Montana Governor Greg Gianforte signed a TikTok ban last week. The corporation is now suing to keep the app in Montana.
TikTok claims Montana’s ban violates the Constitution by restricting its freedom to host and distribute user-generated material. TikTok also claims that Montana is overstepping its position by legislating national security issues rather than deferring to federal regulators, which hinders its interstate commerce.
If granted, an injunction would allow TikTok to operate in Montana while the courts resolve the problems.
“We are challenging Montana’s unconstitutional TikTok ban to protect our business and the hundreds of thousands of Montana users,” TikTok spokesperson Brooke Oberwetter told . “Our legal challenge will prevail based on an exceedingly strong set of precedents and facts.”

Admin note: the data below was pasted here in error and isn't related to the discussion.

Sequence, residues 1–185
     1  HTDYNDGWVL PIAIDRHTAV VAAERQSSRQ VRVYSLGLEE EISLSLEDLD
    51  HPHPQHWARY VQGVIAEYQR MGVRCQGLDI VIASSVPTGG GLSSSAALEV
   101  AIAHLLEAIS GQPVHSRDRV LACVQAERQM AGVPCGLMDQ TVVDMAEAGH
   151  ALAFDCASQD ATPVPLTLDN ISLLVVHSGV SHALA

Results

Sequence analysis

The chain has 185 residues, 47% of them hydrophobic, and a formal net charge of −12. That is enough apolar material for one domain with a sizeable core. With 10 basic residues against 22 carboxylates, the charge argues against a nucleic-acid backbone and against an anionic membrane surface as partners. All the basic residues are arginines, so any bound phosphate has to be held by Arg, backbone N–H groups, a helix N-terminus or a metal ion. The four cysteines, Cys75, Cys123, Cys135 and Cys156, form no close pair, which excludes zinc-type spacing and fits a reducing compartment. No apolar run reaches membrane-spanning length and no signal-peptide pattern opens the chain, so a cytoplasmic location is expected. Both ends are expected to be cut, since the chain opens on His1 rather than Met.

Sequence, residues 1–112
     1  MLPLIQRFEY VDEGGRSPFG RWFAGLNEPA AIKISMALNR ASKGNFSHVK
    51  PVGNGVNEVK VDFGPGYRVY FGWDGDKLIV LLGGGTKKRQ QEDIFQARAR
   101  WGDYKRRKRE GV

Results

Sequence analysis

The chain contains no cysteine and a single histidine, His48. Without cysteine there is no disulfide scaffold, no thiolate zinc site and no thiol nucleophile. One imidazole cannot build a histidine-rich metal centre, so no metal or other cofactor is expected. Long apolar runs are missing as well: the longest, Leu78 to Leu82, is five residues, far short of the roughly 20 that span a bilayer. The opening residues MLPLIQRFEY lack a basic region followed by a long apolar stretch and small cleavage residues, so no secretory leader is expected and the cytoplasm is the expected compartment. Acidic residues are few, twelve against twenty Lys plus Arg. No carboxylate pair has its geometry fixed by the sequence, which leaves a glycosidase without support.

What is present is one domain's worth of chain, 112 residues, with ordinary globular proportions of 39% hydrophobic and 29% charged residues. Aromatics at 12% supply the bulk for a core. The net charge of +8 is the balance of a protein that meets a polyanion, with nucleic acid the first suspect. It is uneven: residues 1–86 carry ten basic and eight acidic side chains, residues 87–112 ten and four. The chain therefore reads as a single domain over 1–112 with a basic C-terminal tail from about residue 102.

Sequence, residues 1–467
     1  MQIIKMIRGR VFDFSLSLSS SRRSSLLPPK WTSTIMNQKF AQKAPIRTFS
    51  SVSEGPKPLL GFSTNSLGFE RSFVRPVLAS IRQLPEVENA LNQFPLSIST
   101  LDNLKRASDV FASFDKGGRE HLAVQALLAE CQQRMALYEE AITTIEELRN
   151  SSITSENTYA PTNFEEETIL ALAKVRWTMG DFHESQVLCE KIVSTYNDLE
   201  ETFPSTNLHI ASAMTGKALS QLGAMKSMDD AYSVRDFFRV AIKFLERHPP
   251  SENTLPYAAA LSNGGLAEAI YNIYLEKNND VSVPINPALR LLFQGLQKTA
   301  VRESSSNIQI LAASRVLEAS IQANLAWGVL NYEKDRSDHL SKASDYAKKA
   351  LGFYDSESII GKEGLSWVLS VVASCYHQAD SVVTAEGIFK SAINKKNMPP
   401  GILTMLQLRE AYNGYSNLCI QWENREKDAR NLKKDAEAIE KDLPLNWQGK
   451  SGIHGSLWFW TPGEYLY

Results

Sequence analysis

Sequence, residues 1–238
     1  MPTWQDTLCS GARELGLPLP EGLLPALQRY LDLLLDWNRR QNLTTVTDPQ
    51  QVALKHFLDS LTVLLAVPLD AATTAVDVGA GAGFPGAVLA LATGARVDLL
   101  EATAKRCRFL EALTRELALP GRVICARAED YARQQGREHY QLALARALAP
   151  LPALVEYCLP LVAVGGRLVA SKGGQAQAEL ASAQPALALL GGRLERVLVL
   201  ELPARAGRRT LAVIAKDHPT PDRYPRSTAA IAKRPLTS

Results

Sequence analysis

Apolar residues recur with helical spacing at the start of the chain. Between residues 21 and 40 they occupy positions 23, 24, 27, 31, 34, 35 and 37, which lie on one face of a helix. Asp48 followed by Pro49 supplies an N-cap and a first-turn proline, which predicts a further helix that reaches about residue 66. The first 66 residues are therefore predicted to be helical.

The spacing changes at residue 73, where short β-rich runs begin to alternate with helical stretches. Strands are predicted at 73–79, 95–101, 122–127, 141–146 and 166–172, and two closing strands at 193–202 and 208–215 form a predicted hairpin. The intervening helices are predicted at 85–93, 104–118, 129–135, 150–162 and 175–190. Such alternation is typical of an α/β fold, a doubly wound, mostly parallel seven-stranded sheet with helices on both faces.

In recent months, Congress and state legislators have pressured TikTok. Even though a state-level restriction on a specific app is unclear, Montana’s sweeping ban on TikTok escalates those dangers.
“Today, Montana takes the most decisive action of any state to protect Montanans’ private data and sensitive personal information from being harvested by the Chinese Communist Party,” Gianforte said last week, referring to unverified claims that the app shares data with China.
Five TikTok developers sued Montana last week, claiming the prohibition violates the First Amendment. “The law takes the broadest possible approach to its objectives, restricting and banning the protected speech of all TikTok users in Montana to prevent the speculative and unsubstantiated possibility that the Chinese government might direct TikTok Inc., or its parent, to spy on some Montana users,” the creators said.